Syn - empowering patients with epilepsy
Industrial Sound Design
2 weeks, Spring 2018, Umeå Institute of Design
Thomas Müller (Germany), Martina Eriksson (Sweden), Julian loretz (Austria)
Research, Structure design, Audio-visual interaction, Wireframing, Microinteractions
What if you need to plan every single day because of unprovoked seizure. If you have ever been diagnosed with epilepsy you may need some time to come to term with it. Living with epilepsy is more than getting alerts, as it can be difficult to adjust to changes such as losing your driving license, get forced to change job or limits your way of chasing your dreams.
Syn is a pre-seizure alert system designed to inform a person with epilepsy before a seizure to reduce injuries and enhance their life quality. It uses quality of sound as a major feedback.
What is epilepsy?
Epilepsy may be congenital to the person or may occur as a result of injury. In epilepsy, some of the brain's nerve cells are overactive, which can cause different types of seizures. The seizures can occur from one or two seizures throughout their lives, to several attacks every day.
Approximately 1 in 26 People in the United States Will Develop Epilepsy at Some Point in their Lifetime
The sheer complexity of epileptic seizure is dealt with the quality of sound and a simple microinteraction. Over a period of time, the user learns to recognize the seizure sound quality and be prepared for it.
A functional microinteractions: The brainwave visual feedback visualized as vibration of the strings in the circle, mapped to the frequency data of the brain activity. With the sound muted the user can still get a visual feedback on how close he/she is to the seizure
How to use
Attach the SYN PAD to the focal epilepsy spot on you scalp.
Connect the SYN PAD to your SYN APP on smart phone/watch to get pre-seizure warning.
Keep your loved ones assured and the hospital alert in case of emergency.
How it works
A wearable EEG collecting and transmitting brain patterns associated with seizures across various stages. It consists of electrodes to collect and a transmitter to transmit accurate brain wave information. The information flow is shown below-
All the data from the SYN tracker is transferred to the app where the user can get a more detailed overview and control over their seizure data
Syn product ecosystem
The SYN system connects the user, hospital and loved ones and prepare for any critical seizure condition. Thus, it changes the current epilepsy treatment from to a patient-centered healthcare.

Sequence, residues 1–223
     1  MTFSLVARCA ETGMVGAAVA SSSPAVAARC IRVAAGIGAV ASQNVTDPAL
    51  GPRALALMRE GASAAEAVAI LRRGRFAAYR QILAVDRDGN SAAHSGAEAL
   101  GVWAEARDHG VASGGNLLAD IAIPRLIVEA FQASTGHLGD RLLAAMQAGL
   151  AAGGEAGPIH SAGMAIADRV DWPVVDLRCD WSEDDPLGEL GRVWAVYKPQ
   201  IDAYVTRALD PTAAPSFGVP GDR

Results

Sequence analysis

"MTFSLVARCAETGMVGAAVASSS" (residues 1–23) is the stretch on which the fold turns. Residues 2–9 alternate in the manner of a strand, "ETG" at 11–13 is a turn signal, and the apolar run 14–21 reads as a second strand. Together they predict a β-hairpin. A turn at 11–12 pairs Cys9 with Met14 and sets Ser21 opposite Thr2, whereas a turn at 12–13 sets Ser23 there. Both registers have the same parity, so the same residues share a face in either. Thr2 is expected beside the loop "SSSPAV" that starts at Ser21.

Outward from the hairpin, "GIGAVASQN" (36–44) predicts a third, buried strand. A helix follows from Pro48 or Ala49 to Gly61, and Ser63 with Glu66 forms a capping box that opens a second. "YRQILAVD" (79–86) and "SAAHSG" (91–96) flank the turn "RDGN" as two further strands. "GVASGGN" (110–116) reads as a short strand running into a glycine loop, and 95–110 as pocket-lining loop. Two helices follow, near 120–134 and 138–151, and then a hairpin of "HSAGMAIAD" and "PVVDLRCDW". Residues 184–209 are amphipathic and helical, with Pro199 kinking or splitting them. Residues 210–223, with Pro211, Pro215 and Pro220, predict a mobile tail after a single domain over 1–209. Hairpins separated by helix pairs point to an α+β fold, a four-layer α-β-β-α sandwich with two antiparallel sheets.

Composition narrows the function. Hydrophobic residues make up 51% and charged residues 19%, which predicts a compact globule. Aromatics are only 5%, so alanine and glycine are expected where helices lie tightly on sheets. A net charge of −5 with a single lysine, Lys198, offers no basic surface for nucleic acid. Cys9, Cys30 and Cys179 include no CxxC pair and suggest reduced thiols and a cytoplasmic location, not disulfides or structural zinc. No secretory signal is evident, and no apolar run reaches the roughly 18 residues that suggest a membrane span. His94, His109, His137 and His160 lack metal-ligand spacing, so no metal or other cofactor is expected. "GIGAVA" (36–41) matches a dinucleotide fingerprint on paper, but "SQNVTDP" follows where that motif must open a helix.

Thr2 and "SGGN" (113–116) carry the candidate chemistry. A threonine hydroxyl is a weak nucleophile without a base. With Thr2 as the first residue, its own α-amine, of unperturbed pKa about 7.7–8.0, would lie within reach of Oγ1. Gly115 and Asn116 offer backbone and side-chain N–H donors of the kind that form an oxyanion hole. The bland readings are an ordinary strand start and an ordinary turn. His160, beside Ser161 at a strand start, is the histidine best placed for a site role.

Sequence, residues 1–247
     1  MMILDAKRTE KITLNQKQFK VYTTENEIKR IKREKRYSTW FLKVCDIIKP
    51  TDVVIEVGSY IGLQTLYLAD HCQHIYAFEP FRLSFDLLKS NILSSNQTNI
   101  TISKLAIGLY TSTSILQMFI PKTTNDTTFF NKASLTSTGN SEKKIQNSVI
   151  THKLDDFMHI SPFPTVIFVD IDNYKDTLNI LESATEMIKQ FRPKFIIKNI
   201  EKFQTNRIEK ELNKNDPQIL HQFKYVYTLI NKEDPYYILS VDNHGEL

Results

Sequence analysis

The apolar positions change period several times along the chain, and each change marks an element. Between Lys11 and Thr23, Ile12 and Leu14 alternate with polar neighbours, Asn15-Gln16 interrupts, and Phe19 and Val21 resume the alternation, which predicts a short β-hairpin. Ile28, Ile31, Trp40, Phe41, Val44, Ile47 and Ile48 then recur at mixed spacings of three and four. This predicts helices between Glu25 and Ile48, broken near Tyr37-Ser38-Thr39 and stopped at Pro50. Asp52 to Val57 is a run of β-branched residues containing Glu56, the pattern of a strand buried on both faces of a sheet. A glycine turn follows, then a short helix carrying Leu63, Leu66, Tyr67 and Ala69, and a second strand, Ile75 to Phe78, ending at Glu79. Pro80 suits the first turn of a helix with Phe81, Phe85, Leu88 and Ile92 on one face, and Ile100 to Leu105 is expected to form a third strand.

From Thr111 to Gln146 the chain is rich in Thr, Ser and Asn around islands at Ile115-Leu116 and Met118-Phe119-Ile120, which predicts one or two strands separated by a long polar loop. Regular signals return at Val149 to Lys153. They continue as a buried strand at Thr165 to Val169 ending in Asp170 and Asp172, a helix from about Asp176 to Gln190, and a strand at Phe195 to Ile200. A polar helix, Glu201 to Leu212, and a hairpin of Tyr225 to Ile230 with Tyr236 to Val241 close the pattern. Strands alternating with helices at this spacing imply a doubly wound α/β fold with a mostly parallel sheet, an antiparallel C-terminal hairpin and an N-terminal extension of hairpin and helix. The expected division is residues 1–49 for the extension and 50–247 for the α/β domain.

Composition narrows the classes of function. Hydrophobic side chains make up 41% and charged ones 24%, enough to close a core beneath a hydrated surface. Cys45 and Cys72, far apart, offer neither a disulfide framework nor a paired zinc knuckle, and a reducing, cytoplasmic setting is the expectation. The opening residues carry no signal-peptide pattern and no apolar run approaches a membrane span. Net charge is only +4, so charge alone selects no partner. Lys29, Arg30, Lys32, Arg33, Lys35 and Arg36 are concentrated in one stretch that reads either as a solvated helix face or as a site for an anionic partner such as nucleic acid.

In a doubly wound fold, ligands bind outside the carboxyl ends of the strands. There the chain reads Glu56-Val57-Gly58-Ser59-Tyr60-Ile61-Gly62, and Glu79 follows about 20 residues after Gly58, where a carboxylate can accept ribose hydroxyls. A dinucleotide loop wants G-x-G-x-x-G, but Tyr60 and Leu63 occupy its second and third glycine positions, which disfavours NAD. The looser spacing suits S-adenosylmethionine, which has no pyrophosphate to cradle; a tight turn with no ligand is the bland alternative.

During the two weeks of intensive sound design course, we had to take quick decisions with limited information and time. The collaboration worked seamless between the Product Designers and Interaction Designers because of effective communication, strict schedule, and good team bonding.
We went to neurology departmet to understand the challenges and opportunities regarding epilepsy and get a medical knowledge on EEG, We visited Antonio (Biomedical analyst) and Elin (Neurological nurse). We learned that the abnormal brainwave EEG signal could be interpreted long before the seizure actually occurs.
One of the challenge was to get in touch with the users who are diagnosed with epilepsy. We contacted, from the left Epilepsy Association in Västerbotten County, Sweden and looked into epilepsy foundation website and conducted user interviews via phone with the patients. We analysed our field and desk research, empathized with the patients, and defined our usergroup as a young adult. The technologies that we found today are mainly, EDA (Electrodermal activity) (low accuracy + wearable) and EEG (Electroencephalography) (High accuracy + heavily wired). We decided to go ahead with an EEG that a patient can wear on the head.
An estimated 65 million people worldwide currently live with epilepsy.
1/3 of patients continue to have seizures despite medication. Unpredictability due to fall injuries.
Anxiety due to seizure without behavioral cues. Social isolation and embarrassment. Broken dreams
We tested the sound quality with our tutor Andreas and group of 8 students from UID, the sound was iterated along the way to design polyphonic quality in the range between alarm + brainwave.
Even though these patterns are individual to patients, the quality of sound is what defines the seizure stage.
Once we created the brainwave we then moved on to create other notification sounds from the same palette using a tool called soundboard
UI and Microinteraction
We designed an interactive InVison app focusing on two main function i.e. seizure diary and notifying relative. The screens are- (From left 1. Home screen, 2. Location screen to the relatives 3. Seizure dairy 4. side bar menu 5. Detail view of selected seizure).
In collaboration with two product designers, we jointly decided on form factor other than a stigmatizing medical product. The form was iterated and tested on users to fine tune the final design. Unlike medical products, we focused on user's emotional need as a personal wearable.
Final thoughts and Role in the team
While designing the SYN APP, I realized how valuable it is to get a perspective on one design decisions from the other background. It takes a lot of effort to create a unique visual identity that is consistent across sound, product form, application, microinteractions, design material. Although, most of "the research was collaborative and decisions were democratic". I was solely responsible for the market/tech. research, SYN application design, feedback notifications and audio-visual motion graphics used through out the product family and presentation material. During the process, I quickly learned sound design tools like massive and adobe audition worked with After effects form creating all the animated interactions. The sprint project turned out be a rewarding experience.